This is for an assignment in the Digital Storytelling course, but I’m happy to share it here, for whatever it’s worth. I was thinking about how differently writers approached things “in my day” with copyright, etc., and today with things like Creative Commons licenses. I don’t know how informative it is, but it reflects my personal process somehow.
I tell students about a couple of places that are good for finding visual aid material on the Web that will not get them into trouble regarding licensing. Sean Aune goes several better than “couple” in his article, 30+ Places To Find Creative Commons Media. You’ll find resources for sound (including music), photos and other graphics, and videos, all available under a Creative Commons license.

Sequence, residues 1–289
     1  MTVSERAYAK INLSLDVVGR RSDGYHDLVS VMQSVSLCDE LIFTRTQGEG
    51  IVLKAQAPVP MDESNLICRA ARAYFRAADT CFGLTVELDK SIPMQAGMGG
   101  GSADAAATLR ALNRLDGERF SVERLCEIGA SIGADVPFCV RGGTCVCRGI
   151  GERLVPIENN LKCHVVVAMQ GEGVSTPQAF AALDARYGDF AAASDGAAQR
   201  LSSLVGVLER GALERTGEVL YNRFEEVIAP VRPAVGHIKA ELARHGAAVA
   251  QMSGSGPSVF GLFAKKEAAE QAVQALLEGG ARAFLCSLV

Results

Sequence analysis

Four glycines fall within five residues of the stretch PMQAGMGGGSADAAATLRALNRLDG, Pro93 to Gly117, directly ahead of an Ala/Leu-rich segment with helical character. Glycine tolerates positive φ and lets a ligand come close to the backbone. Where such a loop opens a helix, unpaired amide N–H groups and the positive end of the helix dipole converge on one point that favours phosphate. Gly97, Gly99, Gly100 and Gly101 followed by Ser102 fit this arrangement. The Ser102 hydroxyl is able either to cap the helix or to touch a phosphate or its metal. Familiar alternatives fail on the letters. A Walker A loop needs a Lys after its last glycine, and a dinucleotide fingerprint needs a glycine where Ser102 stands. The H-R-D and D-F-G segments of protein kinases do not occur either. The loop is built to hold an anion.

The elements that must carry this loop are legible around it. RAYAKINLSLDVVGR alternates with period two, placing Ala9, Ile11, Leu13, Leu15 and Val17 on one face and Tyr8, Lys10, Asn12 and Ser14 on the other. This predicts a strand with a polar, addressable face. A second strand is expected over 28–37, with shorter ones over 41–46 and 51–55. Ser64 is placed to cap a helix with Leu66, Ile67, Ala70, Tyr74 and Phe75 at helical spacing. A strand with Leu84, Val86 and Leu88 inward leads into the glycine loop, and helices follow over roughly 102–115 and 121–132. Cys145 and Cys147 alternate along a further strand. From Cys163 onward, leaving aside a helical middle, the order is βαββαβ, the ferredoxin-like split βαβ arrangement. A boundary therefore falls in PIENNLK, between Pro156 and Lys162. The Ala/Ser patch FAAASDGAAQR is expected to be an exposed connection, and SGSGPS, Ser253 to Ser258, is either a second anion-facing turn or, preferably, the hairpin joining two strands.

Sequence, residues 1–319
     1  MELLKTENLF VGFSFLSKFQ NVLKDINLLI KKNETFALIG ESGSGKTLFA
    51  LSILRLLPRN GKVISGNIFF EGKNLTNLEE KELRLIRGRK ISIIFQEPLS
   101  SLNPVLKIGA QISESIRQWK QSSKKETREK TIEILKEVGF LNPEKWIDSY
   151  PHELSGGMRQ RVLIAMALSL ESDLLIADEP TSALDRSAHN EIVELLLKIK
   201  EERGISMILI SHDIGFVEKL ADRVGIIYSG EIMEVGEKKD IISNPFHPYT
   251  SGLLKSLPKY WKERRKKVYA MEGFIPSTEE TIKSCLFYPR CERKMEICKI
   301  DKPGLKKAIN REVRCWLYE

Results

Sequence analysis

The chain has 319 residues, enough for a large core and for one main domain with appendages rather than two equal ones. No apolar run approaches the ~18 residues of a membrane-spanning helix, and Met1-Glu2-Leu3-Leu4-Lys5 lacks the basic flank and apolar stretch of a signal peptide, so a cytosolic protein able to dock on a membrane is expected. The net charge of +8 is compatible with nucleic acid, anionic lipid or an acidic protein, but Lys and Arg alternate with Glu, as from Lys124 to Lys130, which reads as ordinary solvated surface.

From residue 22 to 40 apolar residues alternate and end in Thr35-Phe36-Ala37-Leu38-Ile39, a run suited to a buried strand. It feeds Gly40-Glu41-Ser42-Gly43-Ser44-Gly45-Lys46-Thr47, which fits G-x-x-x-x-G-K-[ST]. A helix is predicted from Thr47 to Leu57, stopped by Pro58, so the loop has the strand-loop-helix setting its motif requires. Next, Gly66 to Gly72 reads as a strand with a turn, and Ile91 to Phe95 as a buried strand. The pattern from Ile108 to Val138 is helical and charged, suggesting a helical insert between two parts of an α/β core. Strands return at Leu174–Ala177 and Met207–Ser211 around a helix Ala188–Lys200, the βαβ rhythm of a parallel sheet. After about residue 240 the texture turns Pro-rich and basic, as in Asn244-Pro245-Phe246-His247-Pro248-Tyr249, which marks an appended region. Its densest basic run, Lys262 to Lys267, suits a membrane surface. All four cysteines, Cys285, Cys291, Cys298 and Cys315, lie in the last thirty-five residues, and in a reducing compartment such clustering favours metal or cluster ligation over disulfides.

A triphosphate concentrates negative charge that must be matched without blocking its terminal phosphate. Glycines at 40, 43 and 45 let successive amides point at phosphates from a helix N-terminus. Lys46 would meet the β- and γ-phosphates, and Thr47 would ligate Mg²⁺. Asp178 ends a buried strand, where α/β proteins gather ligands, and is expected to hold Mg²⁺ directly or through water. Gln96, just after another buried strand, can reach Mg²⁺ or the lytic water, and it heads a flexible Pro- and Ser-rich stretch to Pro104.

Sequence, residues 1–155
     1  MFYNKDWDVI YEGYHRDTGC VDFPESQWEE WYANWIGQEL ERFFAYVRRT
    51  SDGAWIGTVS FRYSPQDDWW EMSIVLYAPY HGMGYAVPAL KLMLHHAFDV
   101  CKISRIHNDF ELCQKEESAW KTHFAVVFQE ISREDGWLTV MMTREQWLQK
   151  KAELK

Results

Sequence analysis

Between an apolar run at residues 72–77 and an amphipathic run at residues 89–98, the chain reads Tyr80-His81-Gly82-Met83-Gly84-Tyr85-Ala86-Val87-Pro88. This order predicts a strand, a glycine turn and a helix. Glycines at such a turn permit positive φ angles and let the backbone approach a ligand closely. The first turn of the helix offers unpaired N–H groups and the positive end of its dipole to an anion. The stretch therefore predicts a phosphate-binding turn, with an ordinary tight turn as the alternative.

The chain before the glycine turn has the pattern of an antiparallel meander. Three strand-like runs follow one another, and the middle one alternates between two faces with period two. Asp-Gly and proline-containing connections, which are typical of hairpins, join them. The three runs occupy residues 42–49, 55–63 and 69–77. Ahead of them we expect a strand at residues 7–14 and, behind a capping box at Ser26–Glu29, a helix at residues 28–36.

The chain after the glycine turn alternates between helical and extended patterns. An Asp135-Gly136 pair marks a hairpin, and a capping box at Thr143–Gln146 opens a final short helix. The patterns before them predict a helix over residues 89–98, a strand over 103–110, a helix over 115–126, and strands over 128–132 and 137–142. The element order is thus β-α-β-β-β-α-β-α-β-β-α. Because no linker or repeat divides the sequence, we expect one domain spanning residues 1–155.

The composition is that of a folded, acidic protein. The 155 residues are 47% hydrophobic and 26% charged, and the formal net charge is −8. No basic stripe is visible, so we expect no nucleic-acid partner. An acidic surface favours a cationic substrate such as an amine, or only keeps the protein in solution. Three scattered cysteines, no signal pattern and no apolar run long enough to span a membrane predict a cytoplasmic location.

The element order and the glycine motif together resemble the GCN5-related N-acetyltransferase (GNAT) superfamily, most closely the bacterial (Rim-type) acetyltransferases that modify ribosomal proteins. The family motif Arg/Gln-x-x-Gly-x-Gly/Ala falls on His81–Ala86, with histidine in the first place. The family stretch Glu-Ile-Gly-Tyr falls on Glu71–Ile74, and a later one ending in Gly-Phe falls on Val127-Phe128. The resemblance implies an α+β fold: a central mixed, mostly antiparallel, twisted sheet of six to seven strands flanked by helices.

The temptation is great in this day and age to open a bio template and adapt it to whatever the current bio request may be. After all, most of us have numerous copies of vita-type info sitting around on hard drives, and it’s easy to just drop one in and adapt it. The Digital Storytelling course seems to me, in part, to be about rethinking how we communicate in the current technological reality, and so I wanted to not yield to that temptation. Continue reading
I’m taking part in a course that illustrates in a lot of ways the changing face of education. Just as I don’t know exactly how that face will change, I don’t know yet exactly how the course works, but I get the feeling that the not know will likely be an integral part of both this course and that changing face.
The course is called Digital Storytelling, through the University of Mary Washington (I think). Here are some of the ways that (it seems to me) the course is emblematic of this cultural shift that is going on. Note that I’m using both “traditional” and “current” as amorphous terms. Much of what we now think of as traditional classroom education isn’t really all that traditional. Continue reading